For some time now, some of my on-line friends have advised me to provide a version of CassidySlangScam without the invective aimed at Cassidy and his supporters. In response to that advice, I am working on providing a glossary of the terms in Cassidy’s ludicrous book How The Irish Invented Slang with a short, simple and business-like explanation of why Cassidy’s version is wrong.
The late Daniel Cassidy, in his work of false etymologies, How The Irish Invented Slang, claimed that gauge or gage, a slang term for cannabis, derives from the Irish gaid.
Gaid is the plural of gad, which means a withe (a flexible stick) or else rope, usually rope in the form of a halter or noose (as in damhsa an ghaid, the gallows dance, dance on the end of a rope). Of course, rope is sometimes used as slang for cannabis, but not because it looks like rope. Ropes were made of hemp, which is cannabis. The word canvas also comes from cannabis. The chances of gaid being the origin of gage/gauge are next to zero, as withes and leaves of grass are very different things. Modern Irish speakers tend to call cannabis raithneach (fern) or féar (grass).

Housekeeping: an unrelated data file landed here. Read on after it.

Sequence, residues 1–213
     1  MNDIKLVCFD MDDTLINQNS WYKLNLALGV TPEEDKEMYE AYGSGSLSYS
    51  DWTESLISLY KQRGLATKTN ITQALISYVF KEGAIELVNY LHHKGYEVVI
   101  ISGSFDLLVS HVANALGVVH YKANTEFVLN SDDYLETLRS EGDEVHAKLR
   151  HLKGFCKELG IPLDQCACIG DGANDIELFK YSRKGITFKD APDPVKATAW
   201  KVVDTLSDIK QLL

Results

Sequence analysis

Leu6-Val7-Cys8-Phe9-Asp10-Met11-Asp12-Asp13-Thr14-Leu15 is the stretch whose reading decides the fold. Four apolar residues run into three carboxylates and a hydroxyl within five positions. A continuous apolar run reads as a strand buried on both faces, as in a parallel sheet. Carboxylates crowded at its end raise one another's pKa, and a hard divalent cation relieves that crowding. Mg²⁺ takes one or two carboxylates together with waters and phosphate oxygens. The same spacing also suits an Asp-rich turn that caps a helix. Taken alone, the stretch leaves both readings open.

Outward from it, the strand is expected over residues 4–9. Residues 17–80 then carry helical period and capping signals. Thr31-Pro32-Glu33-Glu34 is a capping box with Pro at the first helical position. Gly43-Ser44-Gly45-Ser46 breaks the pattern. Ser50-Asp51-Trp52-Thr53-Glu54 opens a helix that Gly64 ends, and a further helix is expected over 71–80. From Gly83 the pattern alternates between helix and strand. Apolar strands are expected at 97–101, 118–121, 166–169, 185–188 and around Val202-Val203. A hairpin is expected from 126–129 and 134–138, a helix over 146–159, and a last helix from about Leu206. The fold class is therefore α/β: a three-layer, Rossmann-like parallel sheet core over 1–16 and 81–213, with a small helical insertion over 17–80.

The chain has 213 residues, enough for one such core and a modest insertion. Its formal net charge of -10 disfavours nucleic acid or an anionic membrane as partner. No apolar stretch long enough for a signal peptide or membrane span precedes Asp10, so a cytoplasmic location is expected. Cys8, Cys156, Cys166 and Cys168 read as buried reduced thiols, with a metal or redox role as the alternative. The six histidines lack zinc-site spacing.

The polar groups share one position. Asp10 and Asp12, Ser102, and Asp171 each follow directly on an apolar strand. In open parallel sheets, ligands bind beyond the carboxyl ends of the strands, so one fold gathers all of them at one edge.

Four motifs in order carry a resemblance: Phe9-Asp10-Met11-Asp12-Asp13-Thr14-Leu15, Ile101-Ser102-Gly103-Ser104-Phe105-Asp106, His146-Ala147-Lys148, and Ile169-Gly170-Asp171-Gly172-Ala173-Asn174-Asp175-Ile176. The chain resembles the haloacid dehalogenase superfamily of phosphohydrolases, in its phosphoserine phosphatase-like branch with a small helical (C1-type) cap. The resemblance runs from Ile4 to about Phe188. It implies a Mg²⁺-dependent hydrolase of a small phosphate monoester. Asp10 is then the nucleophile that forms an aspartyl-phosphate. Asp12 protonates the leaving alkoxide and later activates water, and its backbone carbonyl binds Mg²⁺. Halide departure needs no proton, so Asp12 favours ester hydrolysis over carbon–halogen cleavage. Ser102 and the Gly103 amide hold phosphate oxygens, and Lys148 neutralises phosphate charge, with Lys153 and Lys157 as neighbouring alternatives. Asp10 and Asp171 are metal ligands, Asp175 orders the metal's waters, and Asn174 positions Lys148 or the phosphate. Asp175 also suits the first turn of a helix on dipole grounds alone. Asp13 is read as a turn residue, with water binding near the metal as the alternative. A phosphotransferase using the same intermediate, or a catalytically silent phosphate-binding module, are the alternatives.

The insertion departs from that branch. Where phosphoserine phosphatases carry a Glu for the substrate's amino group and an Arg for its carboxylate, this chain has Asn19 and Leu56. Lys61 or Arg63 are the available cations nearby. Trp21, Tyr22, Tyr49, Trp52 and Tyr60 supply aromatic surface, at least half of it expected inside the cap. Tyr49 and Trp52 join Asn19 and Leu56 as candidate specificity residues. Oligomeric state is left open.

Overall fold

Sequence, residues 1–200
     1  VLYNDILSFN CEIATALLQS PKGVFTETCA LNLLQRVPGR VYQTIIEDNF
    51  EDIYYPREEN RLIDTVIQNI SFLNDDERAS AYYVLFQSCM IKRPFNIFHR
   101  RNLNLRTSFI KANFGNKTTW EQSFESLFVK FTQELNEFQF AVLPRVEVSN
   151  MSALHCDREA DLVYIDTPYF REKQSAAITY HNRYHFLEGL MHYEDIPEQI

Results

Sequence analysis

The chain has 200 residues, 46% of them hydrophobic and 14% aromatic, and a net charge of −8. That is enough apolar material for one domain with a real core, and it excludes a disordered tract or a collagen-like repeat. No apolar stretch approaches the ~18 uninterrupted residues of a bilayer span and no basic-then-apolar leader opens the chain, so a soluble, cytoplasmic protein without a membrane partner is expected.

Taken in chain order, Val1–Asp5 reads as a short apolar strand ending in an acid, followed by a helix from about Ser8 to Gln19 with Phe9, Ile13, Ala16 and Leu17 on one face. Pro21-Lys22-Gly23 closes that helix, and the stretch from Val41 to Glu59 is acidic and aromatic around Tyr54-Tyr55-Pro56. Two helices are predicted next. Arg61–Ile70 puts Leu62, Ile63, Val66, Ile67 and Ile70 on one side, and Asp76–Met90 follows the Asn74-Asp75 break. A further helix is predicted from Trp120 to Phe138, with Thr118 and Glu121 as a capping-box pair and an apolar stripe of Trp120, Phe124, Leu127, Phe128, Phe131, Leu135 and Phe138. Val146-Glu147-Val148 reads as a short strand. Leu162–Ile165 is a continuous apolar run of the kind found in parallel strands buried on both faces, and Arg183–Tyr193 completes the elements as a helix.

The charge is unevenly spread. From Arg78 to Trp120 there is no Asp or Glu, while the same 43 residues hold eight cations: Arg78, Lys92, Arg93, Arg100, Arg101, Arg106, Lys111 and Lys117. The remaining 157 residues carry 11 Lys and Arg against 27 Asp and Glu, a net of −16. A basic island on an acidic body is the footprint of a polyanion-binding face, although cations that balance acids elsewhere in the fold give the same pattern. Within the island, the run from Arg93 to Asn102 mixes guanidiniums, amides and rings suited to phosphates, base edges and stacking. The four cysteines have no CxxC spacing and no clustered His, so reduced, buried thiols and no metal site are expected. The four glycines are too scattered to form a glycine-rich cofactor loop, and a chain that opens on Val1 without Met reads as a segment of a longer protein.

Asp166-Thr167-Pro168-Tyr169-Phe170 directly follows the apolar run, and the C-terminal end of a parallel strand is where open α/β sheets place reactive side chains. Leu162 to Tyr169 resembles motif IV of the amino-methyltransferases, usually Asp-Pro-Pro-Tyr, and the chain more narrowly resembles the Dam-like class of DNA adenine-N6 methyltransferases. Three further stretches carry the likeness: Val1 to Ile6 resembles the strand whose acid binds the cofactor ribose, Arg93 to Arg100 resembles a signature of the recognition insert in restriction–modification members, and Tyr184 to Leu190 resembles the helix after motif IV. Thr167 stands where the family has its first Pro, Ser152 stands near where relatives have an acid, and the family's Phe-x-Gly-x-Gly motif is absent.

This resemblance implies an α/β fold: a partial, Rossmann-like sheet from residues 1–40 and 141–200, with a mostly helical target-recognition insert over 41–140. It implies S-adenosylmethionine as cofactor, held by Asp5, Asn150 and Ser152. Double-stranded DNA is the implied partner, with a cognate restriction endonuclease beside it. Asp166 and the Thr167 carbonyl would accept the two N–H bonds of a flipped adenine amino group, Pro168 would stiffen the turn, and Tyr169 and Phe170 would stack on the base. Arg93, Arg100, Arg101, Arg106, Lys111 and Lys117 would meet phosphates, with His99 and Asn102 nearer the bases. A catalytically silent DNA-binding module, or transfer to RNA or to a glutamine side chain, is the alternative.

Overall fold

The mainstream dictionaries give various possible sources. One is a 17th. century term for a pipe, which seems quite unlikely to me. Another often-quoted idea is that this is a corruption of ganja, a West Indian term for dope derived from one of the Indian languages like Hindi or Gujarati. However, it seems that gage was also used as a term for a small quantity of something (possibly related to the word gauge meaning measure) and the term ‘a gage of tobacco’ is recorded from 1837. This last origin seems to be the strongest candidate.